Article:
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The Reith Lectures

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19 Dec 2014

The College has recognised this year’s Reith Lectures, delivered by Dr Atul Gawande, as being accredited for personal CPD.

3 points are available for listening to the lectures which are available through the BBC Radio 4 Website.

Atul Gawande, MD, MPH is a practicing surgeon at Brigham and Women's Hospital and Professor at both the Harvard School of Public Health and Harvard Medical School. Known for both his clear analysis and vivid storytelling, he  explores the growing importance of systems in medicine and argue that the future role of the medical profession in our lives should be bigger than simply assuring health and survival.


The 2014 Reith Lectures

The first lecture, Why do Doctors Fail?, explores the nature of imperfection in medicine. In particular, Gawande  examines how much of failure in medicine remains due to ignorance (lack of knowledge) and how much is due to ineptitude (failure to use existing knowledge) and what that means for where medical progress will come from in the future.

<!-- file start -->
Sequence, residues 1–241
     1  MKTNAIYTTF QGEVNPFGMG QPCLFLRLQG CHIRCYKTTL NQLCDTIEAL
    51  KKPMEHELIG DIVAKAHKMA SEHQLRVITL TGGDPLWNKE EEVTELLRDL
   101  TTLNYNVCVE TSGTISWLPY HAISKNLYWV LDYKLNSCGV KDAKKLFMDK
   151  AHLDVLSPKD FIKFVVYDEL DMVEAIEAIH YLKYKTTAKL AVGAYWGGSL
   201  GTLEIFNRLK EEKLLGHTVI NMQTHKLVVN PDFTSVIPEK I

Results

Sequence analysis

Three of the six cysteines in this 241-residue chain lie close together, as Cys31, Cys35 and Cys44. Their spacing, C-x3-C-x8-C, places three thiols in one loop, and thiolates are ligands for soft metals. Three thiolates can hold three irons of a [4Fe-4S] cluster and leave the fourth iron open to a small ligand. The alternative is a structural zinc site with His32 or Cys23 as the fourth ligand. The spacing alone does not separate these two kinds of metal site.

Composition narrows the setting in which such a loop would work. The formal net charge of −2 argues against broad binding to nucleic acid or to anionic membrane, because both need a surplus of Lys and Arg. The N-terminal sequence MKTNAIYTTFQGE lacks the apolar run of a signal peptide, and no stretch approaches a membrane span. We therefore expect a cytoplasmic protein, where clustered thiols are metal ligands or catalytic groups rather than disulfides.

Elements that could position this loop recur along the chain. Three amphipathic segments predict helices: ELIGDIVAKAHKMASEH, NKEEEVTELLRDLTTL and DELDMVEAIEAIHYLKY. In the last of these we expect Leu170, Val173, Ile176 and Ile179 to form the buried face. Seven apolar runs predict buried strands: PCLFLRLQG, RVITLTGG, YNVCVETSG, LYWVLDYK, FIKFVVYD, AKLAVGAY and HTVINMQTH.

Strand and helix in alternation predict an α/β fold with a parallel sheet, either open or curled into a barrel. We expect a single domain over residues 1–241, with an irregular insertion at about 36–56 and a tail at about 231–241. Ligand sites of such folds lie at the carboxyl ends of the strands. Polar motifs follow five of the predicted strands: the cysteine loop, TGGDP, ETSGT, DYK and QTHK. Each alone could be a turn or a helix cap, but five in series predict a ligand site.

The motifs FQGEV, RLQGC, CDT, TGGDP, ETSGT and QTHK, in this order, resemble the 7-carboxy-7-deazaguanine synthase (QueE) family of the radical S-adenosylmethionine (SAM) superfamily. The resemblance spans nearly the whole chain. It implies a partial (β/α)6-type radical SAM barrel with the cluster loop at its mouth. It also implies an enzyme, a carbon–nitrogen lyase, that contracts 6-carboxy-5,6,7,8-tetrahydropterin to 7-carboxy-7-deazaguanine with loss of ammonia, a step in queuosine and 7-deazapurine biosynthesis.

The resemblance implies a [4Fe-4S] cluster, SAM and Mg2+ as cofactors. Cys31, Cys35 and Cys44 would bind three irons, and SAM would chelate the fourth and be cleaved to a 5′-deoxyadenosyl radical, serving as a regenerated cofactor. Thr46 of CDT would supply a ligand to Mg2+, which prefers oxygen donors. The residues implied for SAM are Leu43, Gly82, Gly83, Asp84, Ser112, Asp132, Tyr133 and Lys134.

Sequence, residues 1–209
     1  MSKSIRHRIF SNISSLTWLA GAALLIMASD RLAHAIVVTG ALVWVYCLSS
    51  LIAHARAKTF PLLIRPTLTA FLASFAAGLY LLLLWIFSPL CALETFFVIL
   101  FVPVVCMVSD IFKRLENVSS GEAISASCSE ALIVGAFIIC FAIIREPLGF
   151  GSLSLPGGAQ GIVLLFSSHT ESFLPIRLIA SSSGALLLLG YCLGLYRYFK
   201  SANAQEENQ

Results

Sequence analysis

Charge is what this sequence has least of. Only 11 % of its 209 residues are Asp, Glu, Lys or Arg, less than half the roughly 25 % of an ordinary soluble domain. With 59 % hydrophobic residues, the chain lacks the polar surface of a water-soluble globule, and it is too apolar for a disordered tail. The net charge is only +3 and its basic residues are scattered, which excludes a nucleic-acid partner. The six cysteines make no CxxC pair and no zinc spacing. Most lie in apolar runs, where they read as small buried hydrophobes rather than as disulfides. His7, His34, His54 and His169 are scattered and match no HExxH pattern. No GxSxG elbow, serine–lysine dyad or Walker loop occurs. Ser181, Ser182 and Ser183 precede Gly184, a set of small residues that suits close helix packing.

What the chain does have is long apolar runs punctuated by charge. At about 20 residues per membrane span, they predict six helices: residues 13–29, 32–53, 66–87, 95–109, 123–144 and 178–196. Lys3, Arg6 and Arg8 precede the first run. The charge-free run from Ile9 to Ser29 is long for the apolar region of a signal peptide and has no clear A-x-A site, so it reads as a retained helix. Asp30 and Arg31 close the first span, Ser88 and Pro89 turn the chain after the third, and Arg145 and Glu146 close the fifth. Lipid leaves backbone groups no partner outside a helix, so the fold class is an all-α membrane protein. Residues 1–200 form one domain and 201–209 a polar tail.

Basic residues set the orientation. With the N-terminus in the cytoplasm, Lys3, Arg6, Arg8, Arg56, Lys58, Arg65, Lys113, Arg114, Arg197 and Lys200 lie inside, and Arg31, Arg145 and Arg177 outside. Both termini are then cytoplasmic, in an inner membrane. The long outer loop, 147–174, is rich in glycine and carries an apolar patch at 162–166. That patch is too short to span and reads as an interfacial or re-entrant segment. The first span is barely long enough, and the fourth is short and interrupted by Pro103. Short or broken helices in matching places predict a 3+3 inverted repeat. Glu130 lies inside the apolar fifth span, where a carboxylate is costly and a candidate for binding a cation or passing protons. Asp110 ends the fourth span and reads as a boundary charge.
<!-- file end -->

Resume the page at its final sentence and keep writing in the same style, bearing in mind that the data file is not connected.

In the second lecture, The Century of the System, Gawande focuses on the impact that the development of systems has had – and should have in the future - on medicine and overcoming failures of ineptitude. He dissects systems of all kinds, from simple checklists to complex mechanisms of many parts. And he argues for how they can be better designed to transform care from the richest parts of the world to the poorest.

The third lecture, The Problem of Hubris, examines the great unfixable problems in life and healthcare - aging and death. Gawande argues that the reluctance of society and medical institutions to recognise the limits of what professionals can do is producing widespread suffering. But research is revealing how this can change.

The fourth and final lecture, The Idea of Wellbeing, argues that medicine must shift from a focus on health and survival to a focus on wellbeing - on protecting, insofar as possible, people’s abilities to pursue their highest priorities in life. And, as he suggests from the story of his father’s life and death from cancer, those priorities are nearly always more complex than simply to live longer.

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